As you have seen from the official UP list, the functioning of the entire University of Potsdam is now severely restricted due to the coronavirus pandemic until at least 19 April 2020. According to the most recent update, courses for the summer semester will not begin until 20 April 2020.
There is a chance that courses and seminars for the summer semester may have to take place online. If this is indeed the case, you will be informed as soon as possible about which platforms will be utilized for this.
Current information on study programs and examinations can be found at the following link, which will be updated regularly: https://www.uni-potsdam.de/de/studium/corona
Until then, School of Jewish Theology faculty and staff will be reachable via email or telephone as usual. Office hours have been temporarily cancelled.
For questions regarding module essays or BA/MA theses, please approach your designated supervisor via email. Please address general questions about study programs or advising to Martin Kujawa: kujawauni-potsdamde, tel. 01719443098,
and specific questions about examinations to Netanel Olhoeft: netanel.olhoeftuni-potsdamde + + +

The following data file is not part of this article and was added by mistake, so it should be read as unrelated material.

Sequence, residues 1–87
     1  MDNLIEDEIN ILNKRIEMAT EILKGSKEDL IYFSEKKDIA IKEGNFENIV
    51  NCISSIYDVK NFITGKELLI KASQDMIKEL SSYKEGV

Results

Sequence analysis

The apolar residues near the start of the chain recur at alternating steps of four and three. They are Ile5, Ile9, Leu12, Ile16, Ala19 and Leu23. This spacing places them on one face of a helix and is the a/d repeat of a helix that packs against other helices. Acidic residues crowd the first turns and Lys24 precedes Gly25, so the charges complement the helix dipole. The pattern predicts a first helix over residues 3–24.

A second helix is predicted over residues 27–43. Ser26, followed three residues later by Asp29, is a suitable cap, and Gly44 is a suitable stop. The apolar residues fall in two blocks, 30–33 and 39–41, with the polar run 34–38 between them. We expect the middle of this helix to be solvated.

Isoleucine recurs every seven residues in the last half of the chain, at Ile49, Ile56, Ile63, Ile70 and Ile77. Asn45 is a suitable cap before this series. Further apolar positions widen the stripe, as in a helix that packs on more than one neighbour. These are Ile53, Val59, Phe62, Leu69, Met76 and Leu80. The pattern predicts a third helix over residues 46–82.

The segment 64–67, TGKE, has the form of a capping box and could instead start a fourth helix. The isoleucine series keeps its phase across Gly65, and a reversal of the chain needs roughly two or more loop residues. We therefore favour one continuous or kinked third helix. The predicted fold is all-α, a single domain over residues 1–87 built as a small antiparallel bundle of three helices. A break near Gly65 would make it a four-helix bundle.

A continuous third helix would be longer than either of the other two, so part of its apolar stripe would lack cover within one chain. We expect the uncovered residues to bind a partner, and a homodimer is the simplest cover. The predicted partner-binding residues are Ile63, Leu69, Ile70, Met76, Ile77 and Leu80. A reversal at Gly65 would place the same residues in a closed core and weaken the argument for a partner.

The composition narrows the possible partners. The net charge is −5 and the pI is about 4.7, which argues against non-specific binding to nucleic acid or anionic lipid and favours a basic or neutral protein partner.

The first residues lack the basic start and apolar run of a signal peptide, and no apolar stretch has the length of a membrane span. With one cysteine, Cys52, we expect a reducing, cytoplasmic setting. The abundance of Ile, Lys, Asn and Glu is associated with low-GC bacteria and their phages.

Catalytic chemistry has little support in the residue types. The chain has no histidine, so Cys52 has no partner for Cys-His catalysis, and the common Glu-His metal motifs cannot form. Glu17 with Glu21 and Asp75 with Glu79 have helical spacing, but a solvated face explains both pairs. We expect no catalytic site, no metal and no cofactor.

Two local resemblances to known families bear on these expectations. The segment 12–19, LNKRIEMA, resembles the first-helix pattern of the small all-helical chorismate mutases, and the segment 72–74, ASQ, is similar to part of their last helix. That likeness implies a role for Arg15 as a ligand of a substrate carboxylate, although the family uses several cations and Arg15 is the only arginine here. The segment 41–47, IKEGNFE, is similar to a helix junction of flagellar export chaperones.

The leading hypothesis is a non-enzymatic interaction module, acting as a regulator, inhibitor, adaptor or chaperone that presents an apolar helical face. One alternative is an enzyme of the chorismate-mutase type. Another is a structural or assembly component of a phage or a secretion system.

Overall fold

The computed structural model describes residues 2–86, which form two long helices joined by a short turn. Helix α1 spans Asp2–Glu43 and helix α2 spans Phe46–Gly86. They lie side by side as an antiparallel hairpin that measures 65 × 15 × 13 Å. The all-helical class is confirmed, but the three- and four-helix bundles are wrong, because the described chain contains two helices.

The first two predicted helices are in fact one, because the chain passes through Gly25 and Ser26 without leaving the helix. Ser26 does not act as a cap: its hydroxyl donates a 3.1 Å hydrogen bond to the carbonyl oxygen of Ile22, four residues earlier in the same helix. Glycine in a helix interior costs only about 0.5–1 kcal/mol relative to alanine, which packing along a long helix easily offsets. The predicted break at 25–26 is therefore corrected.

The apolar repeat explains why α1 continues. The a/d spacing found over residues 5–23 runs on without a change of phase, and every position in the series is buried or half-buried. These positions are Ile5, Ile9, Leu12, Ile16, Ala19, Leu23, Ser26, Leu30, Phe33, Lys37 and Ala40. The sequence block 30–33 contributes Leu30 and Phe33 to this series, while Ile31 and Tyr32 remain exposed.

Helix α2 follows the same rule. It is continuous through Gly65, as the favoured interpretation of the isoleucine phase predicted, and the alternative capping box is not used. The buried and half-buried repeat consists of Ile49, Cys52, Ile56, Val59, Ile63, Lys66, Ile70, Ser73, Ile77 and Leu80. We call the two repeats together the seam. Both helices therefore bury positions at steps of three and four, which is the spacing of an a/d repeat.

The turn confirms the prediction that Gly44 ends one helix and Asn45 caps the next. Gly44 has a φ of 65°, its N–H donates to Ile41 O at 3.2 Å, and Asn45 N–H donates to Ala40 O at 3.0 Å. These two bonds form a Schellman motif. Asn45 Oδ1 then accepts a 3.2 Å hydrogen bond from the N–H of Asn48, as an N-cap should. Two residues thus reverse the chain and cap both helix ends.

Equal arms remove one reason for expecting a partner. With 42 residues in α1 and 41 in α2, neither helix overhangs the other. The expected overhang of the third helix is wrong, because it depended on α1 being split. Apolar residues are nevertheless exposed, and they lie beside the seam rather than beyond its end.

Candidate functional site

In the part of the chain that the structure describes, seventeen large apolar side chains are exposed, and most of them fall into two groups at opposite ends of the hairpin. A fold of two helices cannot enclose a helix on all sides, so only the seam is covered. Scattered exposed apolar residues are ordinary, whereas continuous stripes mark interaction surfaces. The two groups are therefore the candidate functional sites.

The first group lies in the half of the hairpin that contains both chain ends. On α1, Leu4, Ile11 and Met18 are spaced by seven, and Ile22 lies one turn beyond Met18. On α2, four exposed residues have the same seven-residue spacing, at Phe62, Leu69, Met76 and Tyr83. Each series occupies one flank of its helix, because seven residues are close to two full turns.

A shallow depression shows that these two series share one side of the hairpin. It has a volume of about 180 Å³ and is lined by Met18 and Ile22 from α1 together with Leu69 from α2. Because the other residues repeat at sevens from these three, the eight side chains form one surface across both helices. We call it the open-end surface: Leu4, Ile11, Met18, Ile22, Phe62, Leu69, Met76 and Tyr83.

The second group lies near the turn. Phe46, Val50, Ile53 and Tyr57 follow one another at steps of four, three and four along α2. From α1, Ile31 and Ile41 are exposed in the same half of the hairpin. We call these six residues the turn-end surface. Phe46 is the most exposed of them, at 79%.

to the Potsdam School of Jewish Theology! You will find information on these pages about this unique institution and the opportunities it offers to students, scholars, future rabbis and cantors, and anybody else interested in Judaism as a religion and a way of life. Whether you are Jewish or not, I hope that you get a feel for our passion for researching and teaching Jewish theology in all its diverse forms.
If you are interested in exploring the treasures waiting to be found in the Bible and in the Talmud, in Jewish religious law and liturgical practice, in Jewish thought and its religious and intellectual history, I invite you to contact us and join us at our beautiful campus in Potsdam to study or research at the School of Jewish Theology or our partners, the Abraham Geiger College and the Zacharias Frankel College.
On the following pages you can also discover the historical importance of the Potsdam School in the context of the establishment of Jewish theology as an academic discipline.
I would very much like to hear from you and I look forward to welcoming you to Potsdam.
Edited by Christian Danz, Kathy Ehrensperger and Walter Homolka
Seventy years of Jewish-Christian dialogue has found surprisingly little resonance in Christian Systematic Theology. This insight was the basis of a conference in Vienna where exegetes and systematicians of Roman-Catholic, Protestant, and Jewish Theology intensively engaged in discussing the question: how can Christian traditions credibly speak of Jesus Christ without denigrating Judaism or appropriating it for their own ends? Arising from findings of contemporary exegesis, the volume presents a variety of diverse approaches to Christology that take Jesus the Jew seriously, and are willing to recognize Judaism in a manner characterized by mutual acceptance and esteem.
Further information can be found here.